Yesterday, Liberal leader Justin Trudeau spoke with and answered questions from students at a high school in Brandon, Manitoba. One of the students asked him his position on marijuana, and he answered.
No transcript is available, but here's how Brandon Sun reporter Jillian Anderson, who was there, describes it:
Austin said Trudeau started by saying that marijuana was dangerous for young people, because their minds are still developing, but that he believes regulating pot will make it safer for children.
This is consistent with what Trudeau has been saying on this issue all along: we need to keep marijuana out of the hands of young people, and the best way to do that is with government regulation and control through legalization. Today, with criminalization, it's so easy for kids to get their hands on it my high school had a separate designated smoking area for marijuana. (Sidebar: it was at the bottom of a chip trail, and at afternoon announcements we'd often be warned a bear had been spotted near the chip trail. I felt safe to ignore these warnings).
This isn't the best argument for legalization, however. The best argument is that marijuana is safer than alcohol, that the billions spent criminalizing the activity is a dismal failure, that criminalizing otherwise law-abiding Canadians for a recreational activity is wrong, that criminalization diverts police resources from more important areas, that criminalization forces Canadians to deal with criminals also selling far more harmful things, that legalization would allow for quality control and safety, and, most of all, that marijuana is the major cash crop for criminal biker gangs and fuels violence and other crime.
But back to Trudeau in Manitoba. He was asked a question by young adults actually showing some interest in the political process. He answered honestly, stating his position and delivering a firm condemnation of drug use by young people. Sounds good, right? Enter Sheriff Peter MacKay:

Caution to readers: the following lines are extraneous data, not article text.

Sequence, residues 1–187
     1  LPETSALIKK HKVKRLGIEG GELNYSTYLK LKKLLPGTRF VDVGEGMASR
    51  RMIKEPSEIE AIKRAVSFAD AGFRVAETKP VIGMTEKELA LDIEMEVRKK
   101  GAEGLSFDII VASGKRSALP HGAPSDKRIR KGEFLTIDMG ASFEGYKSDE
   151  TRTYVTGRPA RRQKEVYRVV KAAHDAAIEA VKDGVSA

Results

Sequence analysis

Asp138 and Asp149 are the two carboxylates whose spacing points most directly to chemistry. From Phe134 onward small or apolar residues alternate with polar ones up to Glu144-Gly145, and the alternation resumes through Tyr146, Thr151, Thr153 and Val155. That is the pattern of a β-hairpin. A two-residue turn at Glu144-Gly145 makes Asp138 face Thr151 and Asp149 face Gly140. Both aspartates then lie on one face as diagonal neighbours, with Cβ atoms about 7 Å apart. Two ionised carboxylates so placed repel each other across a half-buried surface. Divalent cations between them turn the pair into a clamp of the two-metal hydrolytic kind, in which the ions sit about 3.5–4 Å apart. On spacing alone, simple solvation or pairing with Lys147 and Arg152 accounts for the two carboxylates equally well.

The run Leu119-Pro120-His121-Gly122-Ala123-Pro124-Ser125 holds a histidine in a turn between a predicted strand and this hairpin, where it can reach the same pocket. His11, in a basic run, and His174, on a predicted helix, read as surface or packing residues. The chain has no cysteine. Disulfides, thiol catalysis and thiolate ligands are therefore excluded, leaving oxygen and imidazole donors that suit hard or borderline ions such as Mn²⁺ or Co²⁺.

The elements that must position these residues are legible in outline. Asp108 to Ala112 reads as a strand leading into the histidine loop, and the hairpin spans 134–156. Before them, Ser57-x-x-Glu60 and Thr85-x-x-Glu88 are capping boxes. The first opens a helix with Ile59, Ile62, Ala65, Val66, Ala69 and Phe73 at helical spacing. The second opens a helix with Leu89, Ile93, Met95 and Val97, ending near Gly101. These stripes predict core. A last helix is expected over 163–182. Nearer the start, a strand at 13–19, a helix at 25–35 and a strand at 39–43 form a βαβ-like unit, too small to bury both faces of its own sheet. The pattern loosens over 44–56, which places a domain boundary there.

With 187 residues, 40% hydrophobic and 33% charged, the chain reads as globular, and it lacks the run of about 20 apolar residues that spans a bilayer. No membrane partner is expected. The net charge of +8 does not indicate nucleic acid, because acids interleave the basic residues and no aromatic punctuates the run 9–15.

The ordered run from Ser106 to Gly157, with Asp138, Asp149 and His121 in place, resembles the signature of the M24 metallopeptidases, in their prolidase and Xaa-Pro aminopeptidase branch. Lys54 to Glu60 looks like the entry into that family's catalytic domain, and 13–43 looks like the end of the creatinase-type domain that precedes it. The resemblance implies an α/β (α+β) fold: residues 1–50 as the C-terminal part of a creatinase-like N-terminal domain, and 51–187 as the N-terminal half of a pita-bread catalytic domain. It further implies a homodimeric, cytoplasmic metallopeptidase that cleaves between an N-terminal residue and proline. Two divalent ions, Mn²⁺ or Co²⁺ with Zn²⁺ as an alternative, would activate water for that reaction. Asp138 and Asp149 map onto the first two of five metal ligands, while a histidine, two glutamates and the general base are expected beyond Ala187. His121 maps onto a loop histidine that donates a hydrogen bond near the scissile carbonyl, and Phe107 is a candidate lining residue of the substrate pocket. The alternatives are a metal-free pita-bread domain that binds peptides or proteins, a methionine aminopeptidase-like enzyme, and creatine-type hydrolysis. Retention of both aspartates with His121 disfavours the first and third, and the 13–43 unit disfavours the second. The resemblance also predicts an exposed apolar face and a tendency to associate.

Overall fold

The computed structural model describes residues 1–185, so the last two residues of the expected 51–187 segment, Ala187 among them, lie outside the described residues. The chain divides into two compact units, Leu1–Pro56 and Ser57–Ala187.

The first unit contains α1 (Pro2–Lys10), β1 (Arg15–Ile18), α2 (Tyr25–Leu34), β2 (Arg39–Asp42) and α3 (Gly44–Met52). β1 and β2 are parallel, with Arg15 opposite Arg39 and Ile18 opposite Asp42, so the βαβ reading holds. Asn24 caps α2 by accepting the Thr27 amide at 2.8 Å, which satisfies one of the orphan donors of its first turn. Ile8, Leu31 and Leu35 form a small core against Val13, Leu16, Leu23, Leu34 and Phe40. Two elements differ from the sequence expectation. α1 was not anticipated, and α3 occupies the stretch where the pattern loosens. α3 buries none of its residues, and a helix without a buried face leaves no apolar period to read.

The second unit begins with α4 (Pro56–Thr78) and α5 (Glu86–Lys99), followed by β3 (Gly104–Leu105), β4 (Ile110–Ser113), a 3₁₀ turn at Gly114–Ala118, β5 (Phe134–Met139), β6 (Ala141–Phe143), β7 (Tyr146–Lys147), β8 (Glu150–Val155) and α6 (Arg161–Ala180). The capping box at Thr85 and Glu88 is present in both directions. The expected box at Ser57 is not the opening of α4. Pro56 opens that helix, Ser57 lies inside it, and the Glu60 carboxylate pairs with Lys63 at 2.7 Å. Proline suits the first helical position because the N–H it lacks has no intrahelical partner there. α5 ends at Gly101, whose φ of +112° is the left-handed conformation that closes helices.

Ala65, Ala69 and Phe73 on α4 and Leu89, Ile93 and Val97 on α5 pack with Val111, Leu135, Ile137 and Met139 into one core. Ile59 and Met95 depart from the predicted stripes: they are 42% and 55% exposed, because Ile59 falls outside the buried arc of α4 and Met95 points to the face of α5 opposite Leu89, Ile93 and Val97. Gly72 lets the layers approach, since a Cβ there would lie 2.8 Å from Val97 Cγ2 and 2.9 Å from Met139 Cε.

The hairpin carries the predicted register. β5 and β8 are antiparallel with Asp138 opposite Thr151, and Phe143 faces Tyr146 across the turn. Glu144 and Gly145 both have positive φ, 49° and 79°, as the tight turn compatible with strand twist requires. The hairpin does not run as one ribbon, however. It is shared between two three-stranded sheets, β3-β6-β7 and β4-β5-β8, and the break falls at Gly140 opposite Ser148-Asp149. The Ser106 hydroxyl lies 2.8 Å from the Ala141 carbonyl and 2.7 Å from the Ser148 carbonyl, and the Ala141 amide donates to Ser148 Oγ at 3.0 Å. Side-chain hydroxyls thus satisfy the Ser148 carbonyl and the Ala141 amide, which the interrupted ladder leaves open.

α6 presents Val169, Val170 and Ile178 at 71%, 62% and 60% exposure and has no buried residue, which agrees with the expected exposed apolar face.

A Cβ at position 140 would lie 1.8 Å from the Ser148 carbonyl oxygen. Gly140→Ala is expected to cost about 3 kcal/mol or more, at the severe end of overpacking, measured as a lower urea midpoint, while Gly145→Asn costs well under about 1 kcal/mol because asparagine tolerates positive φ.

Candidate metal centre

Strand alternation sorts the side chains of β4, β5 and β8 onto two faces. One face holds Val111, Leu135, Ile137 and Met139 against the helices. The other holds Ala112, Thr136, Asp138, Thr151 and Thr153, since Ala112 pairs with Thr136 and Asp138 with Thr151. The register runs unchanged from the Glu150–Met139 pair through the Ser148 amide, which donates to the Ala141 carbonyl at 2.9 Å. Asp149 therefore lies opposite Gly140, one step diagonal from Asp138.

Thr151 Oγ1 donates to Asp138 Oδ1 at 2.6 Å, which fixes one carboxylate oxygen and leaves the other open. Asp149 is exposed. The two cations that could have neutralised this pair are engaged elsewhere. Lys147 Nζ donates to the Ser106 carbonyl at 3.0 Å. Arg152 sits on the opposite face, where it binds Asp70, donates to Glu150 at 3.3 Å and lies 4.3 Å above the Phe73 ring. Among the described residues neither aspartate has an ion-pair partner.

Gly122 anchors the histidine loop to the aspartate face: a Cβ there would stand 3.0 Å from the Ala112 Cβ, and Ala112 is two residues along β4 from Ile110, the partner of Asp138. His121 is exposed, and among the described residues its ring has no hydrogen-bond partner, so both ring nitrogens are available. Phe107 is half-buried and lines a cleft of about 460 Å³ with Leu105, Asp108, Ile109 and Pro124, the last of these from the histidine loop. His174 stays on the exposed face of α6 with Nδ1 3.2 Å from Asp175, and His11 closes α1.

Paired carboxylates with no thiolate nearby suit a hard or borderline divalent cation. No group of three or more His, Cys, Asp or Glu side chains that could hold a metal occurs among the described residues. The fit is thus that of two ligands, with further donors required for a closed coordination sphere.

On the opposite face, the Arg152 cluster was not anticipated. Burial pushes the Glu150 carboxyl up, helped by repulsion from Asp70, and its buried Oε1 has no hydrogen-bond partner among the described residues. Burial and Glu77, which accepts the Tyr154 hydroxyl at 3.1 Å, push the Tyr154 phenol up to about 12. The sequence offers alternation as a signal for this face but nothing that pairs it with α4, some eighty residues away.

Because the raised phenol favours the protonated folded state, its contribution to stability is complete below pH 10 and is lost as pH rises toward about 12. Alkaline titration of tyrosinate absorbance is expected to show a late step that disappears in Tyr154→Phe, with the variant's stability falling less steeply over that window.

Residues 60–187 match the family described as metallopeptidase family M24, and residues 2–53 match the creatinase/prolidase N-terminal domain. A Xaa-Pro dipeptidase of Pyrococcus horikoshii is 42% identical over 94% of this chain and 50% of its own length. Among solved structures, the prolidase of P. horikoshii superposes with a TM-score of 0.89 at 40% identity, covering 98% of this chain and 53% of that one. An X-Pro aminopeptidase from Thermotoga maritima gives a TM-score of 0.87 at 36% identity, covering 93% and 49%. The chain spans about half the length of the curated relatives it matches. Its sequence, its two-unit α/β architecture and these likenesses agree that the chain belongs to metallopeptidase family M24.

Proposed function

"He's directly delivering a message to children now that recreational drug use is okay," the statement reads. "These drugs are illegal because of the dangerous effects they have on users and on society. We need to protect our children, not introduce them to harm."
The Conservatives also issued a fundraising e-mail claiming that Trudeau is pushing pot on kids. Thing is, what MacKay is claiming is exactly the opposite of what independent observers there say he actually said: that young people should stay away from drugs. As Ed Broadbent once out it so eloquently: they lie. They pay people to lie.
Trudeau fired back with a statement of his own last night:
“A remarkable thing happened yesterday when I answered a question from a student from the Sioux Valley High School. The students in the room applauded a politician with a message to stay off drugs, and that the current system is not doing enough to keep it out of the hands of kids. That the Conservatives would put out a statement condemning the courage shown by those students is shameful. Peter MacKay should retract his statement.”